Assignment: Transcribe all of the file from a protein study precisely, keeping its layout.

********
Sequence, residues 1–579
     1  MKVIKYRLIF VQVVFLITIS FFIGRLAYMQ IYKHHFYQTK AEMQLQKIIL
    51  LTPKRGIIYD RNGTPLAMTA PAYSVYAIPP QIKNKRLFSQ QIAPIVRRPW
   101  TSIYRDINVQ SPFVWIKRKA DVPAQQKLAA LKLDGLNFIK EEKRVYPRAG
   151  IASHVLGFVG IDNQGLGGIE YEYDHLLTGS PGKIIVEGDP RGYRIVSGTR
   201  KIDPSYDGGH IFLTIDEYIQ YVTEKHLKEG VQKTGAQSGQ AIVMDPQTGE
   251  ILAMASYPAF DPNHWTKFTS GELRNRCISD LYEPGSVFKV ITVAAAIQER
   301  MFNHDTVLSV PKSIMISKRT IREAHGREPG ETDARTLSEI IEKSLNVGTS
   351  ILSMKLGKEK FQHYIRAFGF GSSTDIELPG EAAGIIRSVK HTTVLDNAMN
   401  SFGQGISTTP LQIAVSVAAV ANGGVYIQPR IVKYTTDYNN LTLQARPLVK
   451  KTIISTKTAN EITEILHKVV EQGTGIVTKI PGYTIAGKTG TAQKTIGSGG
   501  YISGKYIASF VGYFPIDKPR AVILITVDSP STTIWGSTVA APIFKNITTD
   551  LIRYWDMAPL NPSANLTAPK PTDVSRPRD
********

Sequence, residues 1–579
     1  MKVIKYRLIF VQVVFLITIS FFIGRLAYMQ IYKHHFYQTK AEMQLQKIIL
    51  LTPKRGIIYD RNGTPLAMTA PAYSVYAIPP QIKNKRLFSQ QIAPIVRRPW
   101  TSIYRDINVQ SPFVWIKRKA DVPAQQKLAA LKLDGLNFIK EEKRVYPRAG
   151  IASHVLGFVG IDNQGLGGIE YEYDHLLTGS PGKIIVEGDP RGYRIVSGTR
   201  KIDPSYDGGH IFLTIDEYIQ YVTEKHLKEG VQKTGAQSGQ AIVMDPQTGE
   251  ILAMASYPAF DPNHWTKFTS GELRNRCISD LYEPGSVFKV ITVAAAIQER
   301  MFNHDTVLSV PKSIMISKRT IREAHGREPG ETDARTLSEI IEKSLNVGTS
   351  ILSMKLGKEK FQHYIRAFGF GSSTDIELPG EAAGIIRSVK HTTVLDNAMN
   401  SFGQGISTTP LQIAVSVAAV ANGGVYIQPR IVKYTTDYNN LTLQARPLVK
   451  KTIISTKTAN EITEILHKVV EQGTGIVTKI PGYTIAGKTG TAQKTIGSGG
   501  YISGKYIASF VGYFPIDKPR AVILITVDSP STTIWGSTVA APIFKNITTD
   551  LIRYWDMAPL NPSANLTAPK PTDVSRPRD